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And then more beans…

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When the meat came out again I debated saying something, but this was NEW meat so I just had to try it.  I believe the left was bresaola again but on the right was bologna.  Now I don’t like bologna.  But this is what bologna was supposed to be.  Made me think that I cannot even imagine how they can call deli bologna “bologna” if THIS is what it was supposed to taste like all along.

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Next, out came a salad.  It had fresh and seasonal vegetables with (YAY!) gooseberries.  It also had some marscapone and a foam that I cannot recall anymore.  They also topped it with edible flowers.  It really just looked like freshness in a bowl.

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The next item was a piece of brioche (that also had some swiss chard that didn’t photograph well).

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And this was paired with homemade ricotta that they strained in front of us.    It was creamy and rich and I kind of wanted to bathe in it.

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We were then served poached lobsters with corn and shallots.  It was in a broth that tasted like everything that is wonderful about lobster and corn.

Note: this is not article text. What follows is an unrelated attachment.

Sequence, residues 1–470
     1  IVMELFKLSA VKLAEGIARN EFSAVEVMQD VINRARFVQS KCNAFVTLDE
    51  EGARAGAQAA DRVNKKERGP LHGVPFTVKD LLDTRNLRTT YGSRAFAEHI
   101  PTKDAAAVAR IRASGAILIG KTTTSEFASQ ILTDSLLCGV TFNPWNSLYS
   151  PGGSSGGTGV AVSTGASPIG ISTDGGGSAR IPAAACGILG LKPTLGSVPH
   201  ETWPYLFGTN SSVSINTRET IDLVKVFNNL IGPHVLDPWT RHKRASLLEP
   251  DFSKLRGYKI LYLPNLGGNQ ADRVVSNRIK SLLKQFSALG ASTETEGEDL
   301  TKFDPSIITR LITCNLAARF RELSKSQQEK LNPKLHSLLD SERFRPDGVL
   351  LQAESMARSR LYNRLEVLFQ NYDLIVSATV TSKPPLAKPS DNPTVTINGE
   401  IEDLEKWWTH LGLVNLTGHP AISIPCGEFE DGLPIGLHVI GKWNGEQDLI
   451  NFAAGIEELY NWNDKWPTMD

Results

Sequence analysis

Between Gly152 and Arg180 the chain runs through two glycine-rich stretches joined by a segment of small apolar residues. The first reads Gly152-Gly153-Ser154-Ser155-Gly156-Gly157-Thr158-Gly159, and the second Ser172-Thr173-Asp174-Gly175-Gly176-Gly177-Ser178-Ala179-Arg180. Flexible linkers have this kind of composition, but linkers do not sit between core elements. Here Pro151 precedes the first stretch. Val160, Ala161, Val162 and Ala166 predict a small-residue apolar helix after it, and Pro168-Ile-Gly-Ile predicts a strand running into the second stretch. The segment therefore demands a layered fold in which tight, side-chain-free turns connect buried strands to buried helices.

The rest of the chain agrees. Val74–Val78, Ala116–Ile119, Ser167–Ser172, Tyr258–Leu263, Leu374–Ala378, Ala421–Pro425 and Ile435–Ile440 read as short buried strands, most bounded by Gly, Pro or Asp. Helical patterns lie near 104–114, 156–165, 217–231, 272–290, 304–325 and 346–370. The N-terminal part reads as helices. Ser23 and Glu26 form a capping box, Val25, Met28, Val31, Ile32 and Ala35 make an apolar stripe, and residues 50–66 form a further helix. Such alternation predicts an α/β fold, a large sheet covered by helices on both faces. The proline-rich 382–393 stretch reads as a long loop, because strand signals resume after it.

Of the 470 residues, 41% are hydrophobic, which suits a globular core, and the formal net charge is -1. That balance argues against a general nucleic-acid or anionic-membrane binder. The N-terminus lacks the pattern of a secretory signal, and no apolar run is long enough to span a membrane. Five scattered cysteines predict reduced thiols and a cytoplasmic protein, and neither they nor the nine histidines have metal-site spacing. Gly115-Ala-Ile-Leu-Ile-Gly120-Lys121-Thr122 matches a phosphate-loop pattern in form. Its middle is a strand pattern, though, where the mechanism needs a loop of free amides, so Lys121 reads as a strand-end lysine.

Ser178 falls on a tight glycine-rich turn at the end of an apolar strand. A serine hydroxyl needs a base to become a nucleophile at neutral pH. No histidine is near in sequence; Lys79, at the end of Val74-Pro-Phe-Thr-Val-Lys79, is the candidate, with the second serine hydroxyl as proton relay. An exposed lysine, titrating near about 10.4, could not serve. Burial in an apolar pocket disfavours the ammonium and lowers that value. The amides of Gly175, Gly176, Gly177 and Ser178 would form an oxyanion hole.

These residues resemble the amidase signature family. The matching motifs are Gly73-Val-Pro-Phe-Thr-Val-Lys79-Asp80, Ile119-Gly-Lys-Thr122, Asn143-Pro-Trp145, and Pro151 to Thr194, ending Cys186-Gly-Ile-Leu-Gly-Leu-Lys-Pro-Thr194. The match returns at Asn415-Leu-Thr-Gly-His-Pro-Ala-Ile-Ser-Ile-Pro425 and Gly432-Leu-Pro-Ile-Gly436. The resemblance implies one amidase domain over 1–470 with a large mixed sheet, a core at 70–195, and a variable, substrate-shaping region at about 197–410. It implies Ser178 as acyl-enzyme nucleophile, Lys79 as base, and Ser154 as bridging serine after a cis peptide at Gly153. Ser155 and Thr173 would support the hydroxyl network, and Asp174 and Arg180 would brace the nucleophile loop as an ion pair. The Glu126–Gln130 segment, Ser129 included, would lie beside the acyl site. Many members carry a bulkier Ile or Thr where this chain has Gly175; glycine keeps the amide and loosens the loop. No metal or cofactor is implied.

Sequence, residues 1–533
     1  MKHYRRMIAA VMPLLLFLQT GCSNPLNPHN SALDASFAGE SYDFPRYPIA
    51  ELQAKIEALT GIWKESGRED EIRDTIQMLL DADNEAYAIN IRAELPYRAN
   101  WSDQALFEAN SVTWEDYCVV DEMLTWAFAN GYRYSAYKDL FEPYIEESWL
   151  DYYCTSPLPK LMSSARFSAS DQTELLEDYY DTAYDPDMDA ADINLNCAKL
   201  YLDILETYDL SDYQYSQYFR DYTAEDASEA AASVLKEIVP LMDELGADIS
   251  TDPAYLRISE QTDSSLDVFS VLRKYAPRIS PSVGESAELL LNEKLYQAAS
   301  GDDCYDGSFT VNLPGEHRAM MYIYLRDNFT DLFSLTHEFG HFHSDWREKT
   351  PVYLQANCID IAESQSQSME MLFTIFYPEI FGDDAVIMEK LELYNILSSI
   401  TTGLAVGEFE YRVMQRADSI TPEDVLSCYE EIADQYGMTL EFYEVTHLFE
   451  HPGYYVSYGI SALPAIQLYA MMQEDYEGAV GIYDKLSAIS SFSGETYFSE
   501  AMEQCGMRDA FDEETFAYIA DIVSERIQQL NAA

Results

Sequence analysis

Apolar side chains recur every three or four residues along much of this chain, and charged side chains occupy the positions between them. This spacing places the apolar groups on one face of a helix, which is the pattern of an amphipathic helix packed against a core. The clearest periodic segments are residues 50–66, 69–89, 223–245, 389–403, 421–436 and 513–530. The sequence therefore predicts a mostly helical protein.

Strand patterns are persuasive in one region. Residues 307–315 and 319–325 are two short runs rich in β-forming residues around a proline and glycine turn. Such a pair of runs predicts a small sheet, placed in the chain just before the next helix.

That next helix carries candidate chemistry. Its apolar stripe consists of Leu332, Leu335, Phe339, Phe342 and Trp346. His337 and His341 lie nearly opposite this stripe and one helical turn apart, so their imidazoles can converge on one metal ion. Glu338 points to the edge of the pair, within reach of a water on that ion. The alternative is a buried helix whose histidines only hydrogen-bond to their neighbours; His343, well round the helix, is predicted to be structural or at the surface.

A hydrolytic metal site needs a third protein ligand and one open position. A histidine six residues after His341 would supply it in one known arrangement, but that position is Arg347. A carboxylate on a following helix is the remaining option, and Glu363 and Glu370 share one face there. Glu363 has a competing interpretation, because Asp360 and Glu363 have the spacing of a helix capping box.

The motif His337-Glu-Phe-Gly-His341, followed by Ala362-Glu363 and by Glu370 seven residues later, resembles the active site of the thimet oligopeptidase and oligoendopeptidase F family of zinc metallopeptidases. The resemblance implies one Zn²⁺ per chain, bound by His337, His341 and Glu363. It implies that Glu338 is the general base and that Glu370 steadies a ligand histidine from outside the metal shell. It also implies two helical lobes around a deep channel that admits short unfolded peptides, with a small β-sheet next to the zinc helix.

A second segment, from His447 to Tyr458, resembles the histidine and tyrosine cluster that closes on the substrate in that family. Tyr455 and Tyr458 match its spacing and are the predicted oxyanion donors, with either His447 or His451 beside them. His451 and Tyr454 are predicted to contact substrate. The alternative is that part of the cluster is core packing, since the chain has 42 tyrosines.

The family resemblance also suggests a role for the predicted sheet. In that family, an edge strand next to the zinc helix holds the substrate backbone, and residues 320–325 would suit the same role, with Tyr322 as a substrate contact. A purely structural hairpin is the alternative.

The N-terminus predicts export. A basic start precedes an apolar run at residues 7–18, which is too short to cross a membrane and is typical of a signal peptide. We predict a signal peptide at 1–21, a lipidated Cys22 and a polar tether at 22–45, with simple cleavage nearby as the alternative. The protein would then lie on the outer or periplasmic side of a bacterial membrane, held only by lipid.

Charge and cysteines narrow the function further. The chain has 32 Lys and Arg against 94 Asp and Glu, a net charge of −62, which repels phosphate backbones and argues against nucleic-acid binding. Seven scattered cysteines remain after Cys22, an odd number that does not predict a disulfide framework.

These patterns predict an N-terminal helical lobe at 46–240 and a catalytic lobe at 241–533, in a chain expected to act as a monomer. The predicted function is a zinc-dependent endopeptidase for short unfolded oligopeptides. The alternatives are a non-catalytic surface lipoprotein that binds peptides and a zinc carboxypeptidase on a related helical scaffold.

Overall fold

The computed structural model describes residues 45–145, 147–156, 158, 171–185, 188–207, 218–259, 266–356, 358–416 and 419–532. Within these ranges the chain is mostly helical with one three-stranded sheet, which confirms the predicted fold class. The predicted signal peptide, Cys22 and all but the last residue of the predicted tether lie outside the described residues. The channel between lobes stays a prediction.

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At this point we really wanted bread to lap up the broth from the lobster dish, and without a moment to spare, out came the bread with homemade butter and two specialty salts.

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They were flavored with tomato and spinach.  And they were wonderful.

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Next was an egg dish.  It was a poached egg over julienned squash noodled.  I took a small bite and realized that the dark red specks were, in fact, peppers(which, thanks to my allergy are my mortal enemy).  Mike really enjoyed the dish while I waited for a replacement.